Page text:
Again, I essentially agree. You seem to be splitting hairs when the point of my example was pretty obvious - it's useless to make claims that are intentionally baseless/undebateable.

Quote:
No one can disprove or prove the existence of unicorns. But I like to follow the simple little saying "Lack of evidence is evidence of absence" Meaning if there isn't evidence to support it there is no reason to believe it and for all intensive purposes isn't there. But once proof of a position is given this changes.
You just made an argument against God. Awesome. Go debate that in the forums. Not everyone agrees with you though, leading to the point of this point - It's useless to make universal claims about the existence of God; you're better off debating it.

Quote:
The whole macro and micro thing is really overplayed. Micro and Macro are really the same thing. How can you walk a mile without taking one step at a time. By the way evolution has nothing to do with religion or atheism, nor does the big bang. But evolution is really a done deal, every field of science corroborates it and there is no proof otherwise
Hah, maybe the dynamic of the forum has changed since I last was around, but Evolution is/was by no means a done deal. You are correct that they are essentially the same. However due to the timescale of Macro, it's unobservable and therefore disputable (scientifically speaking). And evolution is obviously related to religion, specifically Christianity/Judaism. I hope I don't have to explain that you. It also speaks to a larger dilemma in religious debate, that being the general complexity of the world.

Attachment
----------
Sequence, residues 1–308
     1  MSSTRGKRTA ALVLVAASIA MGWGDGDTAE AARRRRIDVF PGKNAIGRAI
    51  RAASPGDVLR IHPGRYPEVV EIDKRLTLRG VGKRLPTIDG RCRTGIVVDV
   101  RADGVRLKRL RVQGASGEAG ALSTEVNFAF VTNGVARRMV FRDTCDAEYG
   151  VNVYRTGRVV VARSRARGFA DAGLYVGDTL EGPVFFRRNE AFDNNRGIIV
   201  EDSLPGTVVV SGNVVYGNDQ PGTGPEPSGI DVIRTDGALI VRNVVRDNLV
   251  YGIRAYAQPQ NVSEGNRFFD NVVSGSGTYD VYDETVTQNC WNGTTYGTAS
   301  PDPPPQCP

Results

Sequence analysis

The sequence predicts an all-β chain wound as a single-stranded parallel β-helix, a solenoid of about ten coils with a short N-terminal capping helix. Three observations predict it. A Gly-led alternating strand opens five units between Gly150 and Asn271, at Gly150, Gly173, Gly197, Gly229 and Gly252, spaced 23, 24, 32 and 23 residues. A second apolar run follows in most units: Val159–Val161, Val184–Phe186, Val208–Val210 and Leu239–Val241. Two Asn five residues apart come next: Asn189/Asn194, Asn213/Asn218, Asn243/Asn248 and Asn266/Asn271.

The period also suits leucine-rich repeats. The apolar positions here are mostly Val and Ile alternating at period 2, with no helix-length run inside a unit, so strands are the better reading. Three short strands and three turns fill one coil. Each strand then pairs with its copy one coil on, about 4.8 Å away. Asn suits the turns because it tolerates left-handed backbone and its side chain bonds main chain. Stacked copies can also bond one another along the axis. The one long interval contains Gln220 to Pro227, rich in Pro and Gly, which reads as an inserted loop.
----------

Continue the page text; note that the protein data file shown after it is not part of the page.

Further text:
Quote:
Well to some degree I agree. But faith isn't a reason to believe anything, evidence is still needed, faith is NOT evidence for anything. Faith to me is the opposite of evidence. Faith is "Believing something not based on evidence". It speaks to the persons ability to suspend logic and reason not to use it as you imply. But I don't care if one has faith.
Have you never talked to someone of faith? They often have reasons for their faith. RamboPreacher back in the day was an excellent debater on this side of the fence.

In general, your entire response was an argument against God/faith rather than a critique of religious debate etiquette, which was the purpose of my original post.
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Old 01-19-2011, 12:46 PM #39
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You'd like this: http://www.fallacyfiles.org/taxonomy.html

IMO on this subject, I'm always more interested in hearing why people believe what they do - no one's argument, no matter how good, is likely strong enough to change what someone believes in. So, in the interest of keeping it civil and sounding like I'm TELLING someone what they should believe in (and thus that what they believe is wrong), I simply ask that we 'exchange views' rather than debate the subject. It's usually more enlightening, too.